4. The alarm system of claim 3, wherein the wired or wireless transceiver is configured to receive messages transmitted in a spread spectrum signal.
5. The alarm system of claim 1, wherein the wired or wireless transceiver is configured to transmit signals at approximately 20 dBm, thereby limiting the effective detection radius to approximately 100 meters.
6. The alarm system of claim 1, wherein the session-unique identifier for the alarm system is generated based upon an alarm sensor value and a unique cipher key stored in the alarm system.
7. The alarm system of claim 1, wherein the processor is configured with executable instructions to perform further steps comprising:
transmitting via the first communication channel a security event resolution message when the security event is resolved;
receiving via the second communication channel a security event resolution message from the nearby alarm system; and
deactivating the annunciator in response to receiving a security event resolution message via the second communication channel from the nearby alarm system.
8. The alarm system of claim 1, wherein the processor is configured with executable instructions to perform further steps comprising transmitting and receiving via the first and second communication channel a network deactivation message when the respective alarm systems are deactivated.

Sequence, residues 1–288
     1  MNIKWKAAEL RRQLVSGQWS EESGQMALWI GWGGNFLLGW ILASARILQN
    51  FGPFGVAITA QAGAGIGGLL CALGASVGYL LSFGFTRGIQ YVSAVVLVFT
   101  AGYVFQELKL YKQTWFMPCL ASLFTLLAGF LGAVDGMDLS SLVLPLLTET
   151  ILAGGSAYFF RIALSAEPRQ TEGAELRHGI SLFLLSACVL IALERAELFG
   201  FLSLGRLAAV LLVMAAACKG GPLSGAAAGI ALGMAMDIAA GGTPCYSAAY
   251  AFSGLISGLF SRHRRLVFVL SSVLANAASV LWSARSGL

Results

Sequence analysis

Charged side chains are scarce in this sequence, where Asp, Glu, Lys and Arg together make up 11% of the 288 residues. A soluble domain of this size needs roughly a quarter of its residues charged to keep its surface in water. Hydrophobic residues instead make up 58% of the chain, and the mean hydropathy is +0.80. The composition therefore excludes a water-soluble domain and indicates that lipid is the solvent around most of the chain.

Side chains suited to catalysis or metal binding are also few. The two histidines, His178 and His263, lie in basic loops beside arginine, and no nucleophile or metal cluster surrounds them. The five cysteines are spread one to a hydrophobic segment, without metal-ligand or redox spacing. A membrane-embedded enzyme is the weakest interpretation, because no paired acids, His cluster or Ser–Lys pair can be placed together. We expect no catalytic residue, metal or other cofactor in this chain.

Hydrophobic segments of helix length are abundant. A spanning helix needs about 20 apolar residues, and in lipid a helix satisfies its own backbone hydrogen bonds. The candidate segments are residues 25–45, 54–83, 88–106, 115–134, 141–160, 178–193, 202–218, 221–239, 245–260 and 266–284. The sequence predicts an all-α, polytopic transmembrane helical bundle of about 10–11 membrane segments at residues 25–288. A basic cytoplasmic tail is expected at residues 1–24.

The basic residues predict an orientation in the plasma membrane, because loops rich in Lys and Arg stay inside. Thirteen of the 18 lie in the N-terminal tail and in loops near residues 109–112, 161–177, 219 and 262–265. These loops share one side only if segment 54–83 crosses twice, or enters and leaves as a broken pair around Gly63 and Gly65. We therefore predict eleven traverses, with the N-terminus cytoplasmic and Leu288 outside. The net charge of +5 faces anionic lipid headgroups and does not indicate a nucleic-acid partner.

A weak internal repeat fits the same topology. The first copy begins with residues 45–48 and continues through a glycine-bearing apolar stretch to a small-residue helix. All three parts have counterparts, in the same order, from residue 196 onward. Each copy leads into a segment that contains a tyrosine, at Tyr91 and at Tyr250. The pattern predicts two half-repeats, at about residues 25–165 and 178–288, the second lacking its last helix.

9. The alarm system of claim 1, wherein the processor is configured with executable instructions to perform further steps comprising encrypting the transmit channel and encoding OK status and security event messages using the session-unique identifier as an encryption key.
10. The alarm system of claim 1, wherein the processor is configured with executable instructions to perform further steps comprising decrypting the received channel and decoding security event messages using the session-unique identifier received from the nearby alarm system as an encryption key.
11. The alarm system of claim 1, wherein the processor is configured with executable instructions to perform further steps comprising:
receiving cooperative network establishment chirps from a plurality of nearby alarm systems; and
establishing communication channels with a subset of the plurality of nearby alarm systems based upon signal strengths and telemetry of the received cooperative network establishment chirps.
12. The alarm system of claim 1, wherein the processor is configured with executable instructions to perform further steps comprising:
receiving cooperative network establishment chirps from a plurality of nearby alarm systems;
establishing communication channels with the plurality of nearby alarm systems, and
initiating decreasing transmission power of the nearby wired or wireless transceivers in order to limit the plurality of nearby alarm systems with which communication channels are established to within a maximum number.
13. A cooperative alarm system, comprising:
a processor;
a sensor coupled to the processor, the sensor configured to detect a security event;
a wireless or wired transceiver coupled to the processor; and
an annunciator coupled to the processor;
wherein the processor is configured with executable instructions to perform steps comprising:
transmitting a first type of network signaling announce chirp via the wireless or wired transceiver, the first type of network signaling chirp for network establishment;